What a difference!
Last term we changed our recess time from 15 to 30 minutes and added extra free play time in class. It made such a difference in my class!
Several studies discuss the impact of play and outdoor activities on brain development, social skills, learning and academic achievement and I cannot agree more with their results. The simple conclusion: Play is more important than classroom time.
In my opinion this applies to preschool and kindergarten classes in particular.
15 minutes of play…
My children find it very … very… very difficult to sit in carpet time and to focus on presented activities (especially when it comes to their ABCs and numbers), some of them have been diagnosed with ADHD, some of them have learning difficulties with very short attention spans…and some have just too much energy to spend. Sometimes it feels like herding a cute group of kittens…
When we came from our 15 minutes play-time it was challenging to settle them back into structured learning by sitting still at the table or on the carpet, by being quiet and attentive. They were all over the place, swapping seats, jumping up, making noises, vocalizing and talking and wouldn’t respond to given instructions without being firm. Activities were interrupted by constant reminders and instructions (“sit”, “cross your legs”, “looking”, “come back”)… not so much fun.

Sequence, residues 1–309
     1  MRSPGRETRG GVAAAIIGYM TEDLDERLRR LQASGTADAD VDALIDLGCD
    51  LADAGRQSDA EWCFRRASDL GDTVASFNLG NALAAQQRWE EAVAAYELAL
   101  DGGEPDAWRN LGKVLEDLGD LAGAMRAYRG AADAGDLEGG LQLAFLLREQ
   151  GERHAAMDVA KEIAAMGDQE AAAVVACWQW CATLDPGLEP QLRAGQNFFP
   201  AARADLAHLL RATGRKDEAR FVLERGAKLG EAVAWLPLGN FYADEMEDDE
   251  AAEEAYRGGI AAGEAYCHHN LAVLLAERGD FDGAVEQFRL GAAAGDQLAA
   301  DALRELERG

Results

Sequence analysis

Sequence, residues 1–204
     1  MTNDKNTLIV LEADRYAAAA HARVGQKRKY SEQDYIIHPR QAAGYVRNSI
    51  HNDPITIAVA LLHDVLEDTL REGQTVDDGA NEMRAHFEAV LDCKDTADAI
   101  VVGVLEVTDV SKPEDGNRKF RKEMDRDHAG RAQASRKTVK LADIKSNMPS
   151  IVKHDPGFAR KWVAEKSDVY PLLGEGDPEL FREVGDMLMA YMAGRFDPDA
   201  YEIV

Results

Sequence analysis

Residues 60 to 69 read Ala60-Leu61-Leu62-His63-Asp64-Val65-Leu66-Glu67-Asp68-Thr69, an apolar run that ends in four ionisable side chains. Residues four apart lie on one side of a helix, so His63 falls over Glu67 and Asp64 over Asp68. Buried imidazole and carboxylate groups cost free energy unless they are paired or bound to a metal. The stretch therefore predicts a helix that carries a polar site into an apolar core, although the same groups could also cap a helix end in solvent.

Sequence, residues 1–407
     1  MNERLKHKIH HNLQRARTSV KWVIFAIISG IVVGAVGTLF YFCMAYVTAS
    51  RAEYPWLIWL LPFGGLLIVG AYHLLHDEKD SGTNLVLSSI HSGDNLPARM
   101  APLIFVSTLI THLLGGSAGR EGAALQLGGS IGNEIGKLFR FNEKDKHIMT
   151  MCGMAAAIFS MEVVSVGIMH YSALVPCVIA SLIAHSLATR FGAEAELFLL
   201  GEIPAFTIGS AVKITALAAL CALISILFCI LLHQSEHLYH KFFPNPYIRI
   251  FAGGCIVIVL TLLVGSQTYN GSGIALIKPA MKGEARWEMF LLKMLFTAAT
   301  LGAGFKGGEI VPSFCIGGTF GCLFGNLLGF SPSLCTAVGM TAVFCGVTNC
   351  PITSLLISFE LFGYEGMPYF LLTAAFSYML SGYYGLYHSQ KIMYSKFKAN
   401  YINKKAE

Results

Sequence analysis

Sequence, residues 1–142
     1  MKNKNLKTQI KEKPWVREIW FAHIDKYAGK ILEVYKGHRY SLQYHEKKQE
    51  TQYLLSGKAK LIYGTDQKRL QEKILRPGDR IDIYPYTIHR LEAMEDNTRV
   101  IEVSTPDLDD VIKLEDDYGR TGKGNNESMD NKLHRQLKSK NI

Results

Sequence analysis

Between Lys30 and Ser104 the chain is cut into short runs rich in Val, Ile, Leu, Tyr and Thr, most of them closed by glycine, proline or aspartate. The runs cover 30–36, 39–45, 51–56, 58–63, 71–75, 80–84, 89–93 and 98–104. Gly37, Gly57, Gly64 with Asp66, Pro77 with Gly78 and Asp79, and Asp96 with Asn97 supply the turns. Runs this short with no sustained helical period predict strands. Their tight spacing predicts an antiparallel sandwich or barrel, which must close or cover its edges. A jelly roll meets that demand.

And suddenly they are super attentive…
After changing play to 30 minutes it all changed: Suddenly my kids are sitting, listening and following – they are actually attentive and taking in all the things I say and demonstrate; they join in by making comments and doing actions.
To me the difference is: 15 minutes play are just enough to warm up – my kids were fully engaged in running, chasing, climbing, playing and laughing. Although I gave them a “cool down time” by providing drinks and an easy carpet time afterwards, they couldn’t wind down easily.
However, after 30 minutes of play, they are a little tired …not tired-tired, not exhausted, but they’ve spent all their overwhelming energy and are now able to sit, listen and focus without feeling the need to jump up now and then. Actually they are looking forward to going into class now and come to line-up without any individual call, whereas before I had to interrupt their play and get almost every single child individually.
I totally agree with Sergio Pellis:
It is those changes in the prefrontal cortex during childhood that help wire up the brain’s executive control center, which has a critical role in regulating emotions, making plans and solving problems, Pellis says. So play, he adds, is what prepares a young brain for life, love and even schoolwork.Read more: NPR